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Alzheimer’s disease is the most common form of dementia. According to the national institute on aging, Alzheimer’s disease is a brain disorder that is both irreversible and progressive. Over time a person suffering from the disease will lose memory skills and cognitive skills, will eventually lose the ability to carry out simple tasks and may struggle with speech and normal bodily functions. The risk for Alzheimer’s disease increases with age but it is not a normal part of aging. Cognitive decline should always be discussed with medical providers.
Although there is not a definitive known cause of Alzheimer’s Disease, scientists believe it is probably caused by a combination of genetic, environmental, and lifestyle factors. Why Alzheimer’s mainly affects adults over 65 is unknown, but research indicates that age-related changes in the brain such as atrophy, inflammation, vascular damage, etc may contribute to Alzheimer’s damage of the brain.
How does one maintain a healthy brain?
- Physical Exercise increases blood flow throughout the body. We often think of exercise as important for cardiovascular health, and that is true, but it also pumps blood to the brain. Exercise also releases chemicals in the brain that can protect it.
- Cognitive Exercise and stimulation may help preserve memory and cognitive skills. Reading, writing, playing games, doing puzzles, etc are good activities to promote brain function. A study done in France found that people who retired at age 65 were 14% less likely to be diagnosed with Alzheimer’s than those who retired at age 60. In other words, keep using your brain and challenging it.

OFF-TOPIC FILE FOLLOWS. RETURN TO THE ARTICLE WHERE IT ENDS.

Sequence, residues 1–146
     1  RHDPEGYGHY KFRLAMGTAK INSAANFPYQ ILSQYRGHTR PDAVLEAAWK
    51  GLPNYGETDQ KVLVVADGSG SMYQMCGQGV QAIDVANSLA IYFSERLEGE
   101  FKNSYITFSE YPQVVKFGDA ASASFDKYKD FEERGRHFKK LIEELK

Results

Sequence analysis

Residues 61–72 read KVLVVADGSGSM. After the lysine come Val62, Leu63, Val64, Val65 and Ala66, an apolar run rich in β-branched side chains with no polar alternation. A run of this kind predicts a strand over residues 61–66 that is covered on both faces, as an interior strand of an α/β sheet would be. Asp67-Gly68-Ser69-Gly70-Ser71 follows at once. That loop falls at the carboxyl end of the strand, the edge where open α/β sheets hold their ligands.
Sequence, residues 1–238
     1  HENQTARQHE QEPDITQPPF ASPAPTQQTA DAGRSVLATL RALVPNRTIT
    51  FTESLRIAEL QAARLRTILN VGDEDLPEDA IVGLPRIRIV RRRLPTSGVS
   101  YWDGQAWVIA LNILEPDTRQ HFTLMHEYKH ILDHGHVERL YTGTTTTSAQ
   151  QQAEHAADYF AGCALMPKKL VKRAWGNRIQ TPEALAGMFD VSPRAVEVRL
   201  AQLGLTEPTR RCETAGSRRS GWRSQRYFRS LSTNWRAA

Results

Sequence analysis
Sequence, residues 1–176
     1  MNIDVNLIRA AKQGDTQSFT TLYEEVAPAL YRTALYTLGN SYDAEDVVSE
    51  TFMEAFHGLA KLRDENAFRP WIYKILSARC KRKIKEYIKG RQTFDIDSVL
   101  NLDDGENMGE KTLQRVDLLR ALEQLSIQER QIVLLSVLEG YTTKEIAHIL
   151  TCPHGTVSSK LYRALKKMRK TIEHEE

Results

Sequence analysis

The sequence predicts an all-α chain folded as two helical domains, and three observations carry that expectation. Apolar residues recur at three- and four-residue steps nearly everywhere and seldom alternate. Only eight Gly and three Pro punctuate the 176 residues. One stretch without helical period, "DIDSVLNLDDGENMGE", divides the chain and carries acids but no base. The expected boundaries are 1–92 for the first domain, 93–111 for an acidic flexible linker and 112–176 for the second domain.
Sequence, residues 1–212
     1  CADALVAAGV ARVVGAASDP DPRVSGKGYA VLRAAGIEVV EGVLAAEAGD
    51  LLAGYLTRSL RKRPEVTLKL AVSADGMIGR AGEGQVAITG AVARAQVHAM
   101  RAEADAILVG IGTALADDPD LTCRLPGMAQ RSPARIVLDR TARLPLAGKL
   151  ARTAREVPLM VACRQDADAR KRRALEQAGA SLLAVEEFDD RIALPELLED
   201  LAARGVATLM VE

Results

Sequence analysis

- Protect your heart: Unhealthy habits such as smoking and a diet high in saturated fats may reduce brain volume.
- Protect your head: Research shows that people who have head injuries/brain injuries are more likely to develop dementia, even injuries from childhood. Always wear proper safety gear and follow safety guidelines to prevent injuries and concussions.
- A Balanced diet is important for avoiding Alzheimer’s disease, as well as many other diseases. Don’t just add a vegetable and call it a day. Consider adopting a diet that meets your body’s specific needs. Studies have indicated that turmeric may promote brain vitality and help prevent Alzheimer’s.
It is dangerous to put off healthy practices for now, because we think we have time or we aren’t that old yet. It is never too early to prepare for old age. We continue to talk about Alzheimer’s disease and dementia with the intention that you would become more familiar with its symptoms, and consider adopting lifestyle habits that promote healthier brain and cognitive function for now and for your future.
DISCLAIMER: This article contains information that is intended to help the readers be better informed regarding exercise and health care. It is presented as general advice on health care. Always consult your doctor for your individual needs. Before beginning any new exercise program it is recommended that you seek medical advice from your personal physician. This article is not intended to be a substitute for the medical advice of a licensed physician. The reader should consult with their doctor in any matters relating to his/her health.